"Lending standards on most forms of credit are now tighter than at any time in recent memory," Ryan Sweet, an economist with Moody's Economy.com, wrote in a recent report. "The reduction in credit availability threatens to lengthen and deepen the recession."
Utah's growing tourism industry and the star-studded Sundance Film Festival are being targeted for a boycott by bloggers, gay rights activists and others seeking to punish the Mormon church for its aggressive promotion of California's ban on gay marriage.
It could be a heavy price to pay. Tourism brings in $6 billion a year to Utah, with world-class skiing, a spectacular red rock country and the film festival founded by Robert Redford, among other popular tourist draws.
The Israeli military is investigating a video in which a Palestinian detainee appears to be humiliated by a group of Israeli soldiers.
The BBC's Tim Franks in Jerusalem says we have no clue as to when or where this video was shot and it is impossible to know just how frequently such incidents occur.
But a leading Israeli human rights group says "many instances of abuse are not exposed because they have become the norm".
Bolivian leader Evo Morales on Thursday accused the US government of encouraging drug-trafficking as he explained his decision to banish the US Drug Enforcement Administration (DEA).
Morales, a staunch opponent of the Washington government, said the staff from the US agency had three months to prepare to leave the country, because "the DEA did not respect the police, or even the (Bolivian) armed forces."
"The worst thing is, it did not fight drug trafficking; It encouraged it," the Bolivian leader said, adding that he had "quite a bit of evidence" backing up his charges.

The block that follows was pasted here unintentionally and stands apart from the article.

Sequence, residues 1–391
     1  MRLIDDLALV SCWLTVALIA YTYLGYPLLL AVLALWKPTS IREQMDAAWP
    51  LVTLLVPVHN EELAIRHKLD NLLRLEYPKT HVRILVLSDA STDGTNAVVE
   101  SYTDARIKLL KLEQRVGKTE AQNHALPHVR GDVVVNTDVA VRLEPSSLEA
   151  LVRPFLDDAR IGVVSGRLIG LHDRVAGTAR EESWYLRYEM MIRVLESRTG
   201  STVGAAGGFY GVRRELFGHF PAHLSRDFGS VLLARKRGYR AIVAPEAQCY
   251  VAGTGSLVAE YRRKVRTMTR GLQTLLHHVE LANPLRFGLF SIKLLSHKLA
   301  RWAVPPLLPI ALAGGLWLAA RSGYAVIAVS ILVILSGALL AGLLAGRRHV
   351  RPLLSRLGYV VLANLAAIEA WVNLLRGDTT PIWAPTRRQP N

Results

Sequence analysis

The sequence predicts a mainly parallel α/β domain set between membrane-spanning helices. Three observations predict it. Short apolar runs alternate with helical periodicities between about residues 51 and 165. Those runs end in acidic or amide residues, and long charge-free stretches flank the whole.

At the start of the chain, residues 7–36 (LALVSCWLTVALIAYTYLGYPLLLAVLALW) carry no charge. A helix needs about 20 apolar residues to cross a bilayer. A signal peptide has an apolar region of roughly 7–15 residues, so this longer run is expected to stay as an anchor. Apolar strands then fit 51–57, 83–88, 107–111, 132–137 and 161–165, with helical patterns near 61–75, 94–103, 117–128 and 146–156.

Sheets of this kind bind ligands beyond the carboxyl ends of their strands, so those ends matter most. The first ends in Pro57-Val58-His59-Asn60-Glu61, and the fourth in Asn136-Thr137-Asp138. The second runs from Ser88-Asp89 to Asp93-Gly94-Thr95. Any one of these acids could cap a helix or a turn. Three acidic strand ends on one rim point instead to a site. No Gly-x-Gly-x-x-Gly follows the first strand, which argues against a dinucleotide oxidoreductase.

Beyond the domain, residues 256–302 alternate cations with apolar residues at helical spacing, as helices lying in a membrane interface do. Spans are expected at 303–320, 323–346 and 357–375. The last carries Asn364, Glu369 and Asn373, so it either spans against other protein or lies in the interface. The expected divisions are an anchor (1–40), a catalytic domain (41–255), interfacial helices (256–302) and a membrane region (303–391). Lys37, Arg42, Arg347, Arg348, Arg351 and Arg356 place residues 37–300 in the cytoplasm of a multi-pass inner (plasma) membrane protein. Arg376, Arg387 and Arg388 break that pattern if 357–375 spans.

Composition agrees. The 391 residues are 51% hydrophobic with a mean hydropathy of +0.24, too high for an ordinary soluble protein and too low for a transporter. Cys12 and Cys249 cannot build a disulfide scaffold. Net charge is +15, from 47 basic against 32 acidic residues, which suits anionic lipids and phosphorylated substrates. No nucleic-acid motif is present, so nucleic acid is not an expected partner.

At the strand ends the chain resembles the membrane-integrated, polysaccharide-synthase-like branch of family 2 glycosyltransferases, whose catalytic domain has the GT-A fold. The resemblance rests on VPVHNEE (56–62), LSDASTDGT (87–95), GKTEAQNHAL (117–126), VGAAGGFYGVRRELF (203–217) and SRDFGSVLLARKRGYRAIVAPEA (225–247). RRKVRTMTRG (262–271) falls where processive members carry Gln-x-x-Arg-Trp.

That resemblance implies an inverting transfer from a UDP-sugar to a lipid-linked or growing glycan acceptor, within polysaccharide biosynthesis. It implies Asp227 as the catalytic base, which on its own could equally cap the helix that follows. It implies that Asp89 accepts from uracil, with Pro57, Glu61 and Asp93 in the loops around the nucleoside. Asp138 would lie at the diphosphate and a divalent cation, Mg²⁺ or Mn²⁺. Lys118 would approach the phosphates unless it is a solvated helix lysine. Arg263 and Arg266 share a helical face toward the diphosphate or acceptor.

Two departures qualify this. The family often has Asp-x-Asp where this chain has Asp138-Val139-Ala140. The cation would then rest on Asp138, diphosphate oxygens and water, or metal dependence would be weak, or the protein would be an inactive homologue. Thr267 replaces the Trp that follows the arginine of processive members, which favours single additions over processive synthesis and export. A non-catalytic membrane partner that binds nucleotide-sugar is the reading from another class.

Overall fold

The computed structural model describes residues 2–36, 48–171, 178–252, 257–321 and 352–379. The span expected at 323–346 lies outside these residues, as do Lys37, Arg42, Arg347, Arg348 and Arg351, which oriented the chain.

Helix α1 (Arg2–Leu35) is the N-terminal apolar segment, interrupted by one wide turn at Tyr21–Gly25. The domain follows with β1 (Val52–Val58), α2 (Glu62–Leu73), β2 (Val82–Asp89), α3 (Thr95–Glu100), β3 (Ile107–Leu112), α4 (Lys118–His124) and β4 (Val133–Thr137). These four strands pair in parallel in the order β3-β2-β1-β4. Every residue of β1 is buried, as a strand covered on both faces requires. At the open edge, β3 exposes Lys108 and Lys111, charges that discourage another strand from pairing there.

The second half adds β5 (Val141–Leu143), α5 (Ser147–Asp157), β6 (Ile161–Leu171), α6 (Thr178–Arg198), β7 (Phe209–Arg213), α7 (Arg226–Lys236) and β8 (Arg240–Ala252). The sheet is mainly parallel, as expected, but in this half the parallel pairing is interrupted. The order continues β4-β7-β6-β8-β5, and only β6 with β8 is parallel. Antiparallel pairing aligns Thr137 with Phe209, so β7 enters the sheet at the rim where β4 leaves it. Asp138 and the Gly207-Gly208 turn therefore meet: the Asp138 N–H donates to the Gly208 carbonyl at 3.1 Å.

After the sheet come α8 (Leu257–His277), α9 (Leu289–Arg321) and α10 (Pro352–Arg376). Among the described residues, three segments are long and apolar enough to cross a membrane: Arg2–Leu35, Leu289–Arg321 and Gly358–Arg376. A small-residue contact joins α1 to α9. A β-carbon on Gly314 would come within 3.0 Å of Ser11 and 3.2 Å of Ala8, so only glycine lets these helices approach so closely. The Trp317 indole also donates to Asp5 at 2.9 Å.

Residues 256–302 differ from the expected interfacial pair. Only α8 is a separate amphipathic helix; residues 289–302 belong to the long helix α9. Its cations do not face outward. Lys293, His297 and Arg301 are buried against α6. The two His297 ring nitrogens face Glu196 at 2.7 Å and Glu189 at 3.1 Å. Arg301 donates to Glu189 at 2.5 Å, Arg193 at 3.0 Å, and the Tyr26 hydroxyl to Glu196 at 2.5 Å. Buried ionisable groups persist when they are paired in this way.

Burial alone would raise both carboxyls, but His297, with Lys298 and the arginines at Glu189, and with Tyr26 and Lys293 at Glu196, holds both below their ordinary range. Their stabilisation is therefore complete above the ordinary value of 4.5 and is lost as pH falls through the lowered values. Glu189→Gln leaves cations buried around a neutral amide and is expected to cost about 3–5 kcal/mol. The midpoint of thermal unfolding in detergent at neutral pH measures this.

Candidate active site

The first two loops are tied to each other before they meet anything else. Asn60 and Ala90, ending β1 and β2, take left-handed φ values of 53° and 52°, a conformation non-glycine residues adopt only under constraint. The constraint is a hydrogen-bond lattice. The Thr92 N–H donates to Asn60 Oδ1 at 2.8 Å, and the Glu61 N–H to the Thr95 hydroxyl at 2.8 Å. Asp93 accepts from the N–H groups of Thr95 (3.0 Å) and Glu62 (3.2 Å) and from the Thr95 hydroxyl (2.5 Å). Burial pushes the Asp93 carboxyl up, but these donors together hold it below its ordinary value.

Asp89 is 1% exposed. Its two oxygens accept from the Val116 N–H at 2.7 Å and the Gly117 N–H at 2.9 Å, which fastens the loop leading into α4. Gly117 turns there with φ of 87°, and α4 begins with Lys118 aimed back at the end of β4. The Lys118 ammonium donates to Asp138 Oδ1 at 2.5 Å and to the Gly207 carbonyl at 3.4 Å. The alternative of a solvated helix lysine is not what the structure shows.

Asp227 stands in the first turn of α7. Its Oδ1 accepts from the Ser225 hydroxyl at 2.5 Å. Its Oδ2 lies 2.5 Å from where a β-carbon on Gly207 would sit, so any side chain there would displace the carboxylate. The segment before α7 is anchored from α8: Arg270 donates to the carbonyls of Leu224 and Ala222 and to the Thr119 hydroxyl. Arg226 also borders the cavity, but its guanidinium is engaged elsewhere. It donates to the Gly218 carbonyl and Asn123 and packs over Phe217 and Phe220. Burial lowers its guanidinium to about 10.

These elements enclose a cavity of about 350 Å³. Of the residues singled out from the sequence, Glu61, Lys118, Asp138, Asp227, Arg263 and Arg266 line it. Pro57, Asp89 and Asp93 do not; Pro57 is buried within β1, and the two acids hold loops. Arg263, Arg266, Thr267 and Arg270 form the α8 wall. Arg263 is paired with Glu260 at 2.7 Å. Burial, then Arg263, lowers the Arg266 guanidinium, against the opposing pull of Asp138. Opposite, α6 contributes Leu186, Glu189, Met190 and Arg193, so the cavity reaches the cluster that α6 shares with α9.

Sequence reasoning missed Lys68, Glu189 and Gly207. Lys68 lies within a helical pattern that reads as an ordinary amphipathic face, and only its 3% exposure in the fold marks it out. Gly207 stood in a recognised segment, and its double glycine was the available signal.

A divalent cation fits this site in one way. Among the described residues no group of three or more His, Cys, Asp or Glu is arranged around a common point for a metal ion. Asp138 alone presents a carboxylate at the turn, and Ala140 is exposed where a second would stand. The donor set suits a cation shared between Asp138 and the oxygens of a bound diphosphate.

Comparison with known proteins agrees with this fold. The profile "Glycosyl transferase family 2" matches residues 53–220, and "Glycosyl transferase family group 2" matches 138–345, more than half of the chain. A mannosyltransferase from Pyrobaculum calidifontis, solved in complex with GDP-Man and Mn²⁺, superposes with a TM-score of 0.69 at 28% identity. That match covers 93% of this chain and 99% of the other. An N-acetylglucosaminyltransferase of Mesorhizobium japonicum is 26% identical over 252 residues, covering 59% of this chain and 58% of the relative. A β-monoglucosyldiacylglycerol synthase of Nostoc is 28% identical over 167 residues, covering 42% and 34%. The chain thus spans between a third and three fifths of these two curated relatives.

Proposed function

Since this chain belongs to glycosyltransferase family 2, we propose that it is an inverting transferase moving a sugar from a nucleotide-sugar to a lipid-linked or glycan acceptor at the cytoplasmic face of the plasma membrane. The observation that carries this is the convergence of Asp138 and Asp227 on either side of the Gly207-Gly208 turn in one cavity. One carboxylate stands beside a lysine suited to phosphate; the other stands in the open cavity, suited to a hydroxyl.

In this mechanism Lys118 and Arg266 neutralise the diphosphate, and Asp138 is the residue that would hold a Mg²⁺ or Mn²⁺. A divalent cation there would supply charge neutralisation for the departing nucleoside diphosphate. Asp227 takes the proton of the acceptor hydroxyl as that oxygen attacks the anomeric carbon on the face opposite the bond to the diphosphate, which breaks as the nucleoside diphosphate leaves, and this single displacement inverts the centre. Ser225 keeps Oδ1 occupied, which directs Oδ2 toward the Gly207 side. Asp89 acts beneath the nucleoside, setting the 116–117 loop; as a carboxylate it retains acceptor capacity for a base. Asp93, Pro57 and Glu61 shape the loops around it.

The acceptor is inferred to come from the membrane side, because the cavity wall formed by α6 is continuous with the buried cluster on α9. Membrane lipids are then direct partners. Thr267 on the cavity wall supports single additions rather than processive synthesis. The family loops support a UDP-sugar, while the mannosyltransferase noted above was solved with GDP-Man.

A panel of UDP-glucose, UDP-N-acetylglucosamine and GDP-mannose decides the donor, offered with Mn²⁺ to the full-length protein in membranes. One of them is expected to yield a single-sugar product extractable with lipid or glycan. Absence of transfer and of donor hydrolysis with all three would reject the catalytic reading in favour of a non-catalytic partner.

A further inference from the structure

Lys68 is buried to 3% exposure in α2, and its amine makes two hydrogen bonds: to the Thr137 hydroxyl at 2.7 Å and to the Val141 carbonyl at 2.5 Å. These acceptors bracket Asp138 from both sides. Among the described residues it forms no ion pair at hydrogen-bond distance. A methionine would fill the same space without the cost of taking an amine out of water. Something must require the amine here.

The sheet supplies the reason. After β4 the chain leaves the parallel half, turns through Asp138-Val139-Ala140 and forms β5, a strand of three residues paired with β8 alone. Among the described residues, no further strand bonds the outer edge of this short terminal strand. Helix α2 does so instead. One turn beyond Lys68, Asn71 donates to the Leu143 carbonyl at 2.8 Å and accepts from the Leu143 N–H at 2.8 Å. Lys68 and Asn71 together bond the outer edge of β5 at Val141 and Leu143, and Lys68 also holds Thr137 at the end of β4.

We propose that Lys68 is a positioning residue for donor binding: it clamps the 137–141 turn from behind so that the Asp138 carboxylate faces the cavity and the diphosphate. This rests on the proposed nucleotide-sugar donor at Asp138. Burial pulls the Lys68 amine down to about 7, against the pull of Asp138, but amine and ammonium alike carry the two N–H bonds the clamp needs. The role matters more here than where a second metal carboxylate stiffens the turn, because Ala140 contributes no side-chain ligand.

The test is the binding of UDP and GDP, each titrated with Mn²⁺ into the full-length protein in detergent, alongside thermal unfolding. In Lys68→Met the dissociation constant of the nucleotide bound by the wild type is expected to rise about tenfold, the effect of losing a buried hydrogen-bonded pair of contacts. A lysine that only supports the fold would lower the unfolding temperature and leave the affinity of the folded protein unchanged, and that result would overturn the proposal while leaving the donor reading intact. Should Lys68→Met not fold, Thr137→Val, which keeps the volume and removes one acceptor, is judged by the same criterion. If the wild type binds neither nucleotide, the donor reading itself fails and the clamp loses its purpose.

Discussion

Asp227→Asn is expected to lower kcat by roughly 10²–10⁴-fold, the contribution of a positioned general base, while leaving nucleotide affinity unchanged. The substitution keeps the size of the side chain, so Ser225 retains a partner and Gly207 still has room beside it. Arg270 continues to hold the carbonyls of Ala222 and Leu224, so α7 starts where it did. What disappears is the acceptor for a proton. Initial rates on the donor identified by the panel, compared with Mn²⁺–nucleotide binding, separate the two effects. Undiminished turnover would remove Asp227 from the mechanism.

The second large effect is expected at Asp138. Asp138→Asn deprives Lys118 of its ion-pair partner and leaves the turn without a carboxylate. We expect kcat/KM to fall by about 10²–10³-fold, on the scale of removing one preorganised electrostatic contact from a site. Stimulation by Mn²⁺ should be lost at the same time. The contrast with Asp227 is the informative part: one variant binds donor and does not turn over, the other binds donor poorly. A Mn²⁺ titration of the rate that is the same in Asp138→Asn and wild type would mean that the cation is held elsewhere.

A joint venture between Royal Dutch Shell and Iraq's state-owned South Gas Co. could give Shell a 25-year monopoly on production and exports of natural gas in much of southern Iraq - the biggest foreign role in Iraq's oil and gas sector in four decades.
The planned venture, spelled out in a 16-page document obtained by United Press International, goes well beyond descriptions provided by Iraqi and Shell officials on Sept. 22, when they held a public signing ceremony in Baghdad.
TVNL Comment: Saddam used the oil money to privide education and health care to the Iraqi people. You are wittnessing the theft of the people by the oil/war cartel.
The U.S. government has asked an appellate court to reconsider its decision ordering the release of 21 pictures of detainees in Iraq and Afghanistan. In court papers made public Friday, the government says the photos must be withheld to protect American troops.
In September, a three-judge panel of the 2nd U.S. Circuit Court of Appeals ordered the U.S. to give the pictures to the American Civil Liberties Union. Now the government is asking the full appeals court to hear the case.
In the next few weeks, the Bush administration is expected to relax environmental-protection rules on power plants near national parks, uranium mining near the Grand Canyon and more mountaintop-removal coal mining in Appalachia.
When 60 Minutes correspondent Scott Pelley and his crew went to China to record the black market dismantling of electronic waste, or "e-waste," the experience was almost as hazardous for the 60 Minutes team as working with the toxic material is for poor Chinese workers.
Jumped by a gang of men overseeing the e-waste operations who tried to take the CBS team's cameras, Pelley’s crew managed to escape and bring back footage of the hazardous activities.
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